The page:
Billy Berek, a long term volunteer from Chicago, talks about his experience responding to Isaac in New Orleans and surrounding areas:
“It was the worst area I’ve seen; houses completely relocated by flash floods; trailers over turned; foundations deserted by their seemingly sturdy compatriots. All kinds of livelihoods slammed into the seemingly benevolent levy of the Mississippi, by the water that the storm surge towed in from the gulf.
And I think the worst part is that a lot of the homeowners had just gotten back today. So it wasn’t the houses you were seeing ruined, but you could literally see the lives/dreams of these people dashed. The looks on their faces were of utter longing and desperation.
Just complete bewilderment as to how this predicament could befall them again only seven years after Katrina. And every time I saw one of their faces, I just didn’t know what to do or say. That look of pain is unmistakable and unforgettable; just as that look on their faces is burned into my memory, they have that same burn in their hearts: that moment of seeing all they’ve ever known in ruins, stamped forever into their souls.
Some residents we tried to help were beyond assistance, in some disaster induced purgatory, incapable of doing anything themselves and unwilling to accept our meager offers of assistance. The only option for them was to run away from it all, wonder why and dry their eyes. However as a volunteer, your insides churn and all you want to do is the same thing, run.
Ultimately, my compassion triumphed over my emphatic feelings of despair and I reached out to a man seemingly beyond any consolation. He had lashed out at our previous attempts to lend aid, but to give in and leave him there on his own would mean abandoning any faith in humanity and overall admitting that some disasters are irreconcilable.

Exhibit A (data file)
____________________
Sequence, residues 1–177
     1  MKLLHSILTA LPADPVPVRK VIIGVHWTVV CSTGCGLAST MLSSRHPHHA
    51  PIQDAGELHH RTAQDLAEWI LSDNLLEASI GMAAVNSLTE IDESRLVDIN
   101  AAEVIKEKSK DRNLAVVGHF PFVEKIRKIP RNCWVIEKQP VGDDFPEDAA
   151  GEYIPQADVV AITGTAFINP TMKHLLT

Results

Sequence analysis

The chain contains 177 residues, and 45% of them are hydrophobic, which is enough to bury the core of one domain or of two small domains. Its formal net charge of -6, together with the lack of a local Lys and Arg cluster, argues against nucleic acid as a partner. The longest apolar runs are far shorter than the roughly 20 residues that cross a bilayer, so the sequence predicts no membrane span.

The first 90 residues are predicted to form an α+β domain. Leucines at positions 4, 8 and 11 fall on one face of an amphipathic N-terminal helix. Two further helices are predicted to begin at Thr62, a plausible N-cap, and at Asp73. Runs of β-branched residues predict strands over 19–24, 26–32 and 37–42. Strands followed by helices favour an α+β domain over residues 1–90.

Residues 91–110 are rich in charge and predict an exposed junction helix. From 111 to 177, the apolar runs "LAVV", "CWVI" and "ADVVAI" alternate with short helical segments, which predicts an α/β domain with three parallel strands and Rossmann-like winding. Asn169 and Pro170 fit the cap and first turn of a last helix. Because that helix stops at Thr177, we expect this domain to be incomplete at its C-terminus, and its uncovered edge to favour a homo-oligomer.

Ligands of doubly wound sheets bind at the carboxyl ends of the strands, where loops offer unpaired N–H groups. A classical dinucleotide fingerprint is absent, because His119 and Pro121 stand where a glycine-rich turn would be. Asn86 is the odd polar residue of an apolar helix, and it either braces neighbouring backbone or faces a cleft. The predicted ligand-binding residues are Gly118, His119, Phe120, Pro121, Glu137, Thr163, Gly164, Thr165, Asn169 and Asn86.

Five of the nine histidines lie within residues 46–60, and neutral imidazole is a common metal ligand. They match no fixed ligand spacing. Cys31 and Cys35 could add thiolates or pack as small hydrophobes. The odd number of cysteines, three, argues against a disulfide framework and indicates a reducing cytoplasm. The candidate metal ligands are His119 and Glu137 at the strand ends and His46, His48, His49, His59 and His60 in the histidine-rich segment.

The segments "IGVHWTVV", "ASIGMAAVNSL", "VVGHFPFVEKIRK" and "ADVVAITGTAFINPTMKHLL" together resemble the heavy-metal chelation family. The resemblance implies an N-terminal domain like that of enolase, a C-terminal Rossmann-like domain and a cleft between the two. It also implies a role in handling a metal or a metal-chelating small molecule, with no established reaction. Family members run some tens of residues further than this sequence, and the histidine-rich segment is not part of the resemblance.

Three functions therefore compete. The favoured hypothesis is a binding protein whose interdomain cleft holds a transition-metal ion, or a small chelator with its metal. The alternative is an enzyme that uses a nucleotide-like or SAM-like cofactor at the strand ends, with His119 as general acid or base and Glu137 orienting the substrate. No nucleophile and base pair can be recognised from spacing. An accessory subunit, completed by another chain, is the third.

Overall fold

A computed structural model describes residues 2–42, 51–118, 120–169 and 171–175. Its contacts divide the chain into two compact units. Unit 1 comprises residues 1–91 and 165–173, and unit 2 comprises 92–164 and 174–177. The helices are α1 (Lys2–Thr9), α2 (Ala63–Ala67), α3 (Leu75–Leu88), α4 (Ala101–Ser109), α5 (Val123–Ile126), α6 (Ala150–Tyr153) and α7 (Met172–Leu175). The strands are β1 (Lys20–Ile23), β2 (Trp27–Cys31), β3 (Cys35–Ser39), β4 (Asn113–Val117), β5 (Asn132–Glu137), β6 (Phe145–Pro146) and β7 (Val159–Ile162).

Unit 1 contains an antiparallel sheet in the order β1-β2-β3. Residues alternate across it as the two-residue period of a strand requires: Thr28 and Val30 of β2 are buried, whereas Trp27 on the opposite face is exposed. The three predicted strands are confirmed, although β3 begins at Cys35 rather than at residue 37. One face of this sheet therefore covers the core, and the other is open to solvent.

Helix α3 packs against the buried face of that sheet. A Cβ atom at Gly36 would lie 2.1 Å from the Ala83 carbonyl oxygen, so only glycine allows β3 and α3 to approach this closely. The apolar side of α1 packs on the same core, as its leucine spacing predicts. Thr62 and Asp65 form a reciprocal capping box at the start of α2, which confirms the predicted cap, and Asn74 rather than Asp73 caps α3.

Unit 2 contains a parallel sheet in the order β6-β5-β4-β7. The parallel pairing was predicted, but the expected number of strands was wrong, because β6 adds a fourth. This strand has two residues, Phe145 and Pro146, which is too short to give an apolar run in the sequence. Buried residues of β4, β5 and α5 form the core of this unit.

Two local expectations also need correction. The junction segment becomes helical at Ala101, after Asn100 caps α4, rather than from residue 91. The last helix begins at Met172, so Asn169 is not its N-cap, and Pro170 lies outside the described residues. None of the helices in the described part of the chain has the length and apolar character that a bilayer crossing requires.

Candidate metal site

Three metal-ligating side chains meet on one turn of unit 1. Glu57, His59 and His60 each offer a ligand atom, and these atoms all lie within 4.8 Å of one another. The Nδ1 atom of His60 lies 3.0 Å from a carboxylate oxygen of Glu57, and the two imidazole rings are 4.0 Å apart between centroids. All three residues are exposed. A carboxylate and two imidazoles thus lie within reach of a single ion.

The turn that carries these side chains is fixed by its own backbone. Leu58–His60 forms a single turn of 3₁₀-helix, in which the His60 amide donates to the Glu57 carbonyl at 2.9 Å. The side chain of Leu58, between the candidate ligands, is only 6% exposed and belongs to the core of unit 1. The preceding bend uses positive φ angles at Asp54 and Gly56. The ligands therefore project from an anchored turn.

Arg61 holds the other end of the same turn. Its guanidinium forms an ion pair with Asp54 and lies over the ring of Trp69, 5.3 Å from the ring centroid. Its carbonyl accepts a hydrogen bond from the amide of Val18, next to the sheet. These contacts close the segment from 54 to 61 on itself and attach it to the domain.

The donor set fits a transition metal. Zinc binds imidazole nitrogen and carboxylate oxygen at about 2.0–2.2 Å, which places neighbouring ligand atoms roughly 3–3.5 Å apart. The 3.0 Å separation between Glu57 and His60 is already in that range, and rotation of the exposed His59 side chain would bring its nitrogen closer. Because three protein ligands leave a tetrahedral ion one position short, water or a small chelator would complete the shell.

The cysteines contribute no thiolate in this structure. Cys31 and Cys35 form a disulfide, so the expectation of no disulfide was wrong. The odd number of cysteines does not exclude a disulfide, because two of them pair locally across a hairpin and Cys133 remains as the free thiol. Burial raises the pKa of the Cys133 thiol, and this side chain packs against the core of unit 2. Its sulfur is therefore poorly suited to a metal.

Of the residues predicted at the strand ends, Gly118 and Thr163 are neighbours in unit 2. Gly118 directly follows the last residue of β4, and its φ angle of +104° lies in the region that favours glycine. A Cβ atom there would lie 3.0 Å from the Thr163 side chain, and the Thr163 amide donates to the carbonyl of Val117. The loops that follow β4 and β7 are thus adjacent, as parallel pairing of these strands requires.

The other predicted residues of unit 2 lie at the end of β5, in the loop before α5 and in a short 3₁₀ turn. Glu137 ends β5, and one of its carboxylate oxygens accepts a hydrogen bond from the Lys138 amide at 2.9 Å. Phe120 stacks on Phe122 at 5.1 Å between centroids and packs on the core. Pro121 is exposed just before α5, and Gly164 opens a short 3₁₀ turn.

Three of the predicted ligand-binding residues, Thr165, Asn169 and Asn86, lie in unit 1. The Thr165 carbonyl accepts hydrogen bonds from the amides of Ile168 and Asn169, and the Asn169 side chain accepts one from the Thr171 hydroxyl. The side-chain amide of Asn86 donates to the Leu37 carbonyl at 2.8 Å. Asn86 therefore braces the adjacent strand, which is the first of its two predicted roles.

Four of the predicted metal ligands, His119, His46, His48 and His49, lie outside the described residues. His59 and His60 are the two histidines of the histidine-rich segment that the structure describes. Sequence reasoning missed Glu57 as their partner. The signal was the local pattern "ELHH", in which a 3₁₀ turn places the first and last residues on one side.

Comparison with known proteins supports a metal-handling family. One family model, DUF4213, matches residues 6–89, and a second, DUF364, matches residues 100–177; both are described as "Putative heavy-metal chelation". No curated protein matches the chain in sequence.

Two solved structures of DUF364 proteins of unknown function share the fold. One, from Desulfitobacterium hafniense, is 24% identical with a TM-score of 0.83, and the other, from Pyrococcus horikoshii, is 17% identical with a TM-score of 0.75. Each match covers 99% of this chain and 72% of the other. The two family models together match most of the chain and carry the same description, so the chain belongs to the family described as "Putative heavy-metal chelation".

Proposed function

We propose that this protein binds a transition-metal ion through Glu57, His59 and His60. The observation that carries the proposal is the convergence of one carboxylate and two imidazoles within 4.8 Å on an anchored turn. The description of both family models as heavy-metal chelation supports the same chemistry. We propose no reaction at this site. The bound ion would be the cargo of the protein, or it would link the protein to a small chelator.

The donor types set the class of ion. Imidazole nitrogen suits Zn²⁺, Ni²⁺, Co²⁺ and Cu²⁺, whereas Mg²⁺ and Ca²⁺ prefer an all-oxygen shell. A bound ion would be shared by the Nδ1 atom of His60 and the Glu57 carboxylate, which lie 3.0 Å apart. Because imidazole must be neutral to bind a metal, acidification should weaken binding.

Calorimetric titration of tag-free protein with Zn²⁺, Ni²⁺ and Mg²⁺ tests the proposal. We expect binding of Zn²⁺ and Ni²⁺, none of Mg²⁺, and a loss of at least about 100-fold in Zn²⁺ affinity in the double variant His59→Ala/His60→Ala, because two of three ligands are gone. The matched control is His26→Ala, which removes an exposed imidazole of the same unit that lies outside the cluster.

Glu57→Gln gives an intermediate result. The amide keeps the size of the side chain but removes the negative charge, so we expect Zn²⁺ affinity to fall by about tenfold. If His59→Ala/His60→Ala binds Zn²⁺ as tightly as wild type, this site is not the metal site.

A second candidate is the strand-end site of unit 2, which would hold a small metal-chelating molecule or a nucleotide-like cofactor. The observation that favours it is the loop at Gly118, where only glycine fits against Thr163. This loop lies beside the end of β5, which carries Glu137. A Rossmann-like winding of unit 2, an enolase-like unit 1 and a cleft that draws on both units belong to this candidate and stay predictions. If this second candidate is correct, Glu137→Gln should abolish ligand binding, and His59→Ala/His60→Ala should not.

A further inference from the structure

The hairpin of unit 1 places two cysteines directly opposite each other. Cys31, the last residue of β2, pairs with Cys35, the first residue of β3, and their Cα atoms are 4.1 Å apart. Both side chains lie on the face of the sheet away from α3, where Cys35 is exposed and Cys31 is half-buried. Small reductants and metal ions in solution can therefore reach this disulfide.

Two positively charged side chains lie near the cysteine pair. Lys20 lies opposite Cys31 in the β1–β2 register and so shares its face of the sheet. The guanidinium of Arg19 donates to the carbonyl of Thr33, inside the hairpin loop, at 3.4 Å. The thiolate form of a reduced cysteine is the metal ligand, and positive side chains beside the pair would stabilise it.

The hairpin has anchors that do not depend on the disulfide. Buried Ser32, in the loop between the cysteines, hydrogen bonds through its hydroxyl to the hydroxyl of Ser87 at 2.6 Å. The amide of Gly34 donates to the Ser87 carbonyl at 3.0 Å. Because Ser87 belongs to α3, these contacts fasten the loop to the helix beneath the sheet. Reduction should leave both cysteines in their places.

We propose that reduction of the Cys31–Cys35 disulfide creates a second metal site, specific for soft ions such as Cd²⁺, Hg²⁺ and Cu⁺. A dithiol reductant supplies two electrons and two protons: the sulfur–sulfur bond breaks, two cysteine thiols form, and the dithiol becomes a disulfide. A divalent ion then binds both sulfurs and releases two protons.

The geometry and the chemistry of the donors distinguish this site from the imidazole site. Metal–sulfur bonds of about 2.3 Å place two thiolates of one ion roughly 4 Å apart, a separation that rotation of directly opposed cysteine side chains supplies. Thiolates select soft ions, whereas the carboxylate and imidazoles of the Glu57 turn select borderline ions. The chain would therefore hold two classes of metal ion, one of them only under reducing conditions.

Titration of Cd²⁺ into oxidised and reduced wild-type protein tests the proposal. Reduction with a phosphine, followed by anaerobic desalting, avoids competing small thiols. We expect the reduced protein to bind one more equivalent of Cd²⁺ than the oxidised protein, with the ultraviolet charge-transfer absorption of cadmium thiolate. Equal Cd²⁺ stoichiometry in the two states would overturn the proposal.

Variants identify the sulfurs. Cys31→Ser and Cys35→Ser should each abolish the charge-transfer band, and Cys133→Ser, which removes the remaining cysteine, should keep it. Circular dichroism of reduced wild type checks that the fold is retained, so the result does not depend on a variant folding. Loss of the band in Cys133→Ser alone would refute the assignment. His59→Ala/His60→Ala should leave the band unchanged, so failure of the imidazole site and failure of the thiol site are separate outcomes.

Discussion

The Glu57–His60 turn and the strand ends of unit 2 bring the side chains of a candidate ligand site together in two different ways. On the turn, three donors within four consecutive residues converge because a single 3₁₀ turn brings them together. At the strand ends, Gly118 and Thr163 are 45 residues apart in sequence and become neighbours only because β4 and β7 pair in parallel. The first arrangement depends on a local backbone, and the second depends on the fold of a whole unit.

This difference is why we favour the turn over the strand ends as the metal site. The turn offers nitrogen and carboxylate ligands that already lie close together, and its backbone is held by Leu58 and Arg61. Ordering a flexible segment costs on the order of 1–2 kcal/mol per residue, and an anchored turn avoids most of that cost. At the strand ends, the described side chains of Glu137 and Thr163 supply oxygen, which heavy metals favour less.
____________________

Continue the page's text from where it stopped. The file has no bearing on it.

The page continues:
My final offer of supplies was met with an upturned frown. Not a smile by any means, but enough of a hiccup in his disaster induced depression to be a remarkable gift that of realization, hope and connection. Some long forgotten sense of brotherhood of all men. That despite the engulfing darkness, light could still pierce through and allow this man to see a brighter future not anything specific, but just to know that this future existed. For just a moment some saintly presence united us. Then he politely turned down our offers of cleaning supplies and resumed gathering his things in order to depart from Plaquemines Parish.
I am honored and proud to be a member of the United Saints that has been able to provide a sense of calm in a sea of gloom and muck.”